The key to solving complex challenges, like climate change, is to try a lot of solutions, simultaneously.

Energy Blog: How to Solve Big Problems: Road Safety Success Stories

Nov 5, 2019

by Michael E. Webber

Climate Change. Healthcare. Gun violence. Some complex, systems-level problems look so difficult to solve that we just give up. Is there a way to fix such broken systems?

The successful history of improving transportation safety may serve as a model of how to do it.

There is a bit of cultural amnesia about just how dangerous road transportation once was in the United States. Road accidents were responsible for more than 50,000 deaths per year in the 1960s and 1970s when the U.S. population and the number of vehicle miles traveled was much lower than today. In 1969, the fatality rate was 26.42 deaths per 100,000 people, which would be more than 86,000 per year if that rate had held to 2018. If the fatality rate of 5.04 per 100 million vehicle miles traveled had held constant, the number of road deaths in 2018 would be a staggering 160,000.

Instead, the number of road fatalities in 2018 was 36,750.

How was such a dramatic drop possible? The solution was to tackle road safety with every idea we had. 

Extensive research identified myriad ways to improve transportation safety. Cars were made safer with the inclusion of anti-lock brakes, additional brake lights, collapsible steering columns, tempered glass, crumple zones, better seatbelts, and airbags. Roads were made safer with better paving to reduce potholes, better striping, abundant reflectors, guardrails, and better signage. Emergency rooms and trauma centers improved their response time and capabilities such that when accidents occurred, injured auto occupants could be saved—an injury that would have led to certain death decades ago today is treatable through better surgical procedures and medical interventions.

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The most important contribution was a mixture of cultural forces and regulations that sought to make the drivers safer. With economic pressure from insurance companies and the threat of withheld federal dollars for highways, states, companies and families were looking for ways to reduce the impact of accidents. Seatbelt laws and comprehensive driver’s education became commonplace, helping to make drivers better prepared for the responsibility of managing a vehicle that has the capability to kill and safer in the event that an accident happened anyway.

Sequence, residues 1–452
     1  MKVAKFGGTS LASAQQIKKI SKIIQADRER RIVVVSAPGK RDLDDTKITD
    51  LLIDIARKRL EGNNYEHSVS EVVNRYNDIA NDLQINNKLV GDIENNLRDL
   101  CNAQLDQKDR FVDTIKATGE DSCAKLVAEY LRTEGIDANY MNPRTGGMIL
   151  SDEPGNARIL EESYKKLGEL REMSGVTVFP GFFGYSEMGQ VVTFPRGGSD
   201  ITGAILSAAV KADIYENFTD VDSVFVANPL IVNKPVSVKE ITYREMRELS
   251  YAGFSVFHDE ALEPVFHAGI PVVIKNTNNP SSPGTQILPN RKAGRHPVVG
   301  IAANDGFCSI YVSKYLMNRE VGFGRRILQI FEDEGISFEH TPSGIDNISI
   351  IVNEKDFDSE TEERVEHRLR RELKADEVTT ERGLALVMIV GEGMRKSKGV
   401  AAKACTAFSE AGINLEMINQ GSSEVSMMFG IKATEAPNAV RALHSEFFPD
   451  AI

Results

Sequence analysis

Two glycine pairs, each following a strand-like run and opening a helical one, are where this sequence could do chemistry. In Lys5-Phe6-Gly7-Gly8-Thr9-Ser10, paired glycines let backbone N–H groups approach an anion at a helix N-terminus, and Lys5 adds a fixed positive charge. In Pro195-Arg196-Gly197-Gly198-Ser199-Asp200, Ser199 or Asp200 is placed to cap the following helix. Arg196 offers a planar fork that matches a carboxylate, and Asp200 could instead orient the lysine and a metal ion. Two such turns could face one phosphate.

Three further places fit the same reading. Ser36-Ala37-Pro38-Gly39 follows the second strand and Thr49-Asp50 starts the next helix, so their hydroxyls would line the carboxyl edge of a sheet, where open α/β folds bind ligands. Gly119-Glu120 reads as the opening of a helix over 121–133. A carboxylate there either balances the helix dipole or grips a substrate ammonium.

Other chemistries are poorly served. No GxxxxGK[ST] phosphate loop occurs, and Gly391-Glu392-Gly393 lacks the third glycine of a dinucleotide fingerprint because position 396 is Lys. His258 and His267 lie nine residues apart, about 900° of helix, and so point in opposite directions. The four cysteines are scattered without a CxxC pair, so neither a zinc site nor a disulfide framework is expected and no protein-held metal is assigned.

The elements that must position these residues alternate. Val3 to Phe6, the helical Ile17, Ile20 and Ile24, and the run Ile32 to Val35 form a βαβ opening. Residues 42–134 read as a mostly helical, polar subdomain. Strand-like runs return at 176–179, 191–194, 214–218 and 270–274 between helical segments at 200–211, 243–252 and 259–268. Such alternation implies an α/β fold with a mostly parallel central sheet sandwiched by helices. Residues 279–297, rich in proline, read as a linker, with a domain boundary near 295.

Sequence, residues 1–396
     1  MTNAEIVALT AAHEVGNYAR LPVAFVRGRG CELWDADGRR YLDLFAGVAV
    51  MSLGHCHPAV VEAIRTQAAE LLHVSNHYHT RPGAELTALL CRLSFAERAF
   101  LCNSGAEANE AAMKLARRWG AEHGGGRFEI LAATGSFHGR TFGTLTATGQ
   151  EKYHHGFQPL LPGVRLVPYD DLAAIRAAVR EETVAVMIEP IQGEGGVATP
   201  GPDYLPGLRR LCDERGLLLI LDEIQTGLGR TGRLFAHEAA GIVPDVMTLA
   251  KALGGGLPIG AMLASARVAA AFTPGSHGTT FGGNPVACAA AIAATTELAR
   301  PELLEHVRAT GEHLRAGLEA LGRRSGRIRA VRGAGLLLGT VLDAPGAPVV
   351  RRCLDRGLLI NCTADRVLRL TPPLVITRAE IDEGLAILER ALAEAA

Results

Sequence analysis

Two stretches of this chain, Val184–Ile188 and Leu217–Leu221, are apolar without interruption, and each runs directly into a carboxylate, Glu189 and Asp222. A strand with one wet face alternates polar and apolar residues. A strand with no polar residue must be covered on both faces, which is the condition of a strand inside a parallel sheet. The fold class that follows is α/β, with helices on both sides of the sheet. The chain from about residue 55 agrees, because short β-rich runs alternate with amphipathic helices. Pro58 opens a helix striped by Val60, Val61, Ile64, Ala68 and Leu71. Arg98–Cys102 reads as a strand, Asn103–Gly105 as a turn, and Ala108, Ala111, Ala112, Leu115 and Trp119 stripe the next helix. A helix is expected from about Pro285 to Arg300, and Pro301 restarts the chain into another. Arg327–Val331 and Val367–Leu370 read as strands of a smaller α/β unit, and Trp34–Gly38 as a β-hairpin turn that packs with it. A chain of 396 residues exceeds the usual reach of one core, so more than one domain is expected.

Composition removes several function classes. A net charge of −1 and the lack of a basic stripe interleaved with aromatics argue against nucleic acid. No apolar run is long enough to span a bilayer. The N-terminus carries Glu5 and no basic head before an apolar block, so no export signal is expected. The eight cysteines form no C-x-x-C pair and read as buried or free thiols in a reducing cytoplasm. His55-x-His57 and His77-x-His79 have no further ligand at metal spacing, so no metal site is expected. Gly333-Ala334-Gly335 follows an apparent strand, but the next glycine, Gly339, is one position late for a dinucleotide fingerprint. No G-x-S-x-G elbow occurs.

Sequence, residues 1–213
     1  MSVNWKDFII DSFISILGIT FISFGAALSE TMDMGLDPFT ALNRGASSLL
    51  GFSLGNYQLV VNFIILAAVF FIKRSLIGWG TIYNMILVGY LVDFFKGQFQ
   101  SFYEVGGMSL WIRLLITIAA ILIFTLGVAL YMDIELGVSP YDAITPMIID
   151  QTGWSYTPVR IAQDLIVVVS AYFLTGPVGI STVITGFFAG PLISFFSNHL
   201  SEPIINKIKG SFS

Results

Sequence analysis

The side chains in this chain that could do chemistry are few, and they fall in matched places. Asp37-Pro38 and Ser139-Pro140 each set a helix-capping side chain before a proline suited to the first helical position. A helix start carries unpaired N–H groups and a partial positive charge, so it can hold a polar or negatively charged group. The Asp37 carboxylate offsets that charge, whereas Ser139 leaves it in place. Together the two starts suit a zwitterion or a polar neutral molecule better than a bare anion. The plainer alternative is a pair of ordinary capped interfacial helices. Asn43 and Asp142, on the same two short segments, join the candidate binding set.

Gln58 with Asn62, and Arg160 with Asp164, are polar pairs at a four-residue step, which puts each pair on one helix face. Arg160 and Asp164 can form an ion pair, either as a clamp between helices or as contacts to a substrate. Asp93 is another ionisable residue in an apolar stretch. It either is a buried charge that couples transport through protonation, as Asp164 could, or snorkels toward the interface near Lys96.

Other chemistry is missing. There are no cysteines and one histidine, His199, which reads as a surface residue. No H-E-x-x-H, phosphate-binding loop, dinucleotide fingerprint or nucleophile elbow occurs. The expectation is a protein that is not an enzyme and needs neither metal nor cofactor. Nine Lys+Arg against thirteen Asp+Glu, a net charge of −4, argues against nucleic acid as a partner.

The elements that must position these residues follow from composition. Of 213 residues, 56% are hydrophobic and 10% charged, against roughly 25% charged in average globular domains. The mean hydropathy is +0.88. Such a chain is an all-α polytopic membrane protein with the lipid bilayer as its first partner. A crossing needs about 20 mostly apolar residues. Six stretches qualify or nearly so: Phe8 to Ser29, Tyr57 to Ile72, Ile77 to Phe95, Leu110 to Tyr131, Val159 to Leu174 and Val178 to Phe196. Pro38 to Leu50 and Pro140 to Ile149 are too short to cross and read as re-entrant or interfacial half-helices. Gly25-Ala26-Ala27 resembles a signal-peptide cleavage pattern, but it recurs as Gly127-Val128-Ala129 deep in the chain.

But the final element might have been an unstoppable force of nature: a cohort of well-organized and angry mothers who were tired of losing their children in accidents caused by drunk drivers. When Mothers Against Drunk Driving—MADD, for short—mobilized to toughen laws about driving under the influence of alcohol or drugs, policymakers took action. Drunk driving laws were implemented nationwide, the drinking age was standardized to 21 years old, police departments actively enforced the rules, and fines were made stiffer.

Importantly, a public information campaign was launched about the importance of driving sober and cultural pressure helped create the concept of a designated driver. 

All of these different elements were necessary to transform transportation away from being one of our most dangerous daily activities. The fatality rate per 100 million vehicle miles traveled fell: From 5.04 in 1969 to 3.35 in 1980 to 2.08 in 1990 to just over 1.1 today.

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This history also provides the blueprint for what we should do moving forward.

Take climate change. Much of the debate today hinges around narrow, technocratic fault lines such as the fate of coal or whether nuclear has a role in the future energy mix.

But as history teaches us, we need many solutions implemented at the same time: Switching to fuels that emit less carbon pollution; Efficiency improvements for our power plants, autos, and appliances; Carbon capture for sites that can’t be readily converted to cleaner options; Direct air capture to scrub the atmosphere; Cultural shifts toward conservation to reduce our consumption by changing our work, travel, and eating habits; and Some adaptation to minimize the risks and damage from droughts and floods intensified by a warmer climate.

Seemingly unsolvable problems can be solved. But, because it takes years to see results, we should get started.

Michael E. Webber is the Josey Centennial Professor of Energy Resources at the University of Texas in Austin and Chief Science and Technology Officer at ENGIE, a global energy company headquartered in Paris. His latest book, Power Trip: The Story of Energy, was published by Basic Books.

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